Old Indiana Fun Park [Thorntown]
Description: Former Amusement Park Location: 7000 North 350 West, Thorntown, IN Condition: Disassembled, some buildings standing Originally Photographed: February 2001
On Thursday, August 11th, 1996, 4-year-old Emily Hunt was paralyzed from the chest down and her 57-year-old grandmother, Nancy Jones was killed after the miniature train ride at the Old Indiana Fun Park derailed and overturned as it approached a curve. The two victims were crushed under the weight of the cars . Upon investigation, the train was traveling much faster than its design speed of 12 miles per hour.
The ride operator claimed to have applied the brakes as the train neared the curve, but it was discovered that many of the ride’s brakes were either broken, missing, or not connected, and that most of the anti-derailment devices were missing. The speedometer was broken, along with the governor, which limits the speed of the train. The track was littered with broken ride parts.
Unbelievably the ride passed two state inspections in the 3-month period prior to the accident – before the safety inspector admitted that he was not qualified to inspect amusement rides. A state review of the park’s own records showed that the train had derailed 79 times in the 2 months prior to the accident, and as many as nine times in a single day.
It wasn’t the first problem at Old Indiana – in 1996 the park was fined for 77 violations of child labor laws. There were also reports in the Indianapolis Star of animals, including a tiger, being treated inhumanely.
The owners of Old Indiana Fun Park admitted negligence, but denied knowing anything about the condition of the ride prior to the accident. They have since declared bankruptcy, and most of the rides ath the park were auctioned on February 22, 1997. For example, the park’s log flume ride now sits in storage at Idlewild park in Latrobe, Pennsylvania.
The park originally opened on June 29, 1985 as “Middle Country USA”. They gradually added rides until 1996, but remained mostly a picnic area and campground with a few attractions. A group of investors had planned to open the “Heartland Festival Entertainment Complex” in 1999 – but those plans appear to have never materialized. The land is now owned by the Six Flags company (formerly Premier Parks)
In fact, Six Flags began purchasing rides from other parks, and had several of them shipped to the site, including the “Screamin’ Delta Demon” from the now defunct Opryland USA theme park. These rides sit today rusting in the Indiana sun along with the remaining unsold rides from the Old Indiana Fun Park.
The net result of this tragedy, besides the bankruptcy of the Old Indiana Fun Park, was a law that toughened the regulation standards for amusement park rides, appropriately named “Emily’s Law”. The Emily Hunt Foundation holds “Emily’s Walk” each year to raise money for spinal cord research.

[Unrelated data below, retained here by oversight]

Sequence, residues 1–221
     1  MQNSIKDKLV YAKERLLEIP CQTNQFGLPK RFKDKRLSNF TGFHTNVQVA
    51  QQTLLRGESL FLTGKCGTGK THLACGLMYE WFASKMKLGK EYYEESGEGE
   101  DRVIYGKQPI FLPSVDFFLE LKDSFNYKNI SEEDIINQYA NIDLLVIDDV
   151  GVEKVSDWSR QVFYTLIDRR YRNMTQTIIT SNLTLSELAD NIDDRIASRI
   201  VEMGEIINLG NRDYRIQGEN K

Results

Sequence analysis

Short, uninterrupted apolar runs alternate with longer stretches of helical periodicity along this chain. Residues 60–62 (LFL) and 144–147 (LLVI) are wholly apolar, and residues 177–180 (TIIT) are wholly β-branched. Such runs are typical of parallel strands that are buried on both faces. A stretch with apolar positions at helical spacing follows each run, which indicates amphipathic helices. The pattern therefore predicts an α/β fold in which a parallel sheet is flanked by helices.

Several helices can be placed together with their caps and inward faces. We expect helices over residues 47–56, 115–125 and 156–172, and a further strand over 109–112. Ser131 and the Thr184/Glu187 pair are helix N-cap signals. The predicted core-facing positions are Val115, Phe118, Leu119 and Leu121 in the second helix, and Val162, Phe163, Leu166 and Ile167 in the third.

The park is a little difficult to find now that all of the signs along the freeway are down. There is a large, painted-over green sign that still stands by the road as you travel south along I-65 – if you look to your right behind that sign, you’ll see the park. To the north of the park there is a defunct camp ground that is guarded by a large, black, hungry dog (at least in early winter 2001).
As you approach from the south, you’ll first see what appears to be a large, grassy field, until you notice the streetlamps dotting it and you realize it is actually a large, overgrown parking lot. To the north you’ll see a few remaining buildings, including the ticket windows, a red barn, the remains of a stage, and some support sheds. All of the rides are on the ground, disassembled into parts and neatly stacked. As you travel west, you can view almost all of these rides right from the road.
In the distance are visible remains of other rides and attractions, as well as parts of an old campground adjacent to the facility.
What will become of the old place? Very hard to say. The location is a fairly good one – it is a little farther from Indianapolis than would be ideal, but the land is zoned properly, there are good utilities, and it is very close to the interstate. If the location can overcome the stigma associated with it, this park might rise again. But with each passing month, the Indiana prairie will reclaim more and more of what once was the Old Indiana Fun Park.
Six Flags bought the property shortly after this original story was written, but let it sit for six years without taking any action, except to use it as a storage facility for rides they hoped to one day install in a new park.
In July of 2002, the property was purchased by Trevor Grey, who owns an Indianapolis-based tanning bed and suntan lotion company named ETS (http://ETStan.com). He planed to create a nature preserve, and constructed a tall wire fence completely around the property. The majority of the smaller structures on the property, like the ticket booth above, are now gone.